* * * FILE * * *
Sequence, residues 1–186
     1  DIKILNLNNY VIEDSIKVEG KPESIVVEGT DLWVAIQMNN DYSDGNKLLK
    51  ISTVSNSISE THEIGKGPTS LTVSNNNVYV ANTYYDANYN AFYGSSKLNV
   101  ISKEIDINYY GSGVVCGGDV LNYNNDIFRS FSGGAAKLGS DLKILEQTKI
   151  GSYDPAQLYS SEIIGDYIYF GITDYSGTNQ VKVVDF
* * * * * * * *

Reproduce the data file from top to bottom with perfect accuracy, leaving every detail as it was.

Sequence, residues 1–186
     1  DIKILNLNNY VIEDSIKVEG KPESIVVEGT DLWVAIQMNN DYSDGNKLLK
    51  ISTVSNSISE THEIGKGPTS LTVSNNNVYV ANTYYDANYN AFYGSSKLNV
   101  ISKEIDINYY GSGVVCGGDV LNYNNDIFRS FSGGAAKLGS DLKILEQTKI
   151  GSYDPAQLYS SEIIGDYIYF GITDYSGTNQ VKVVDF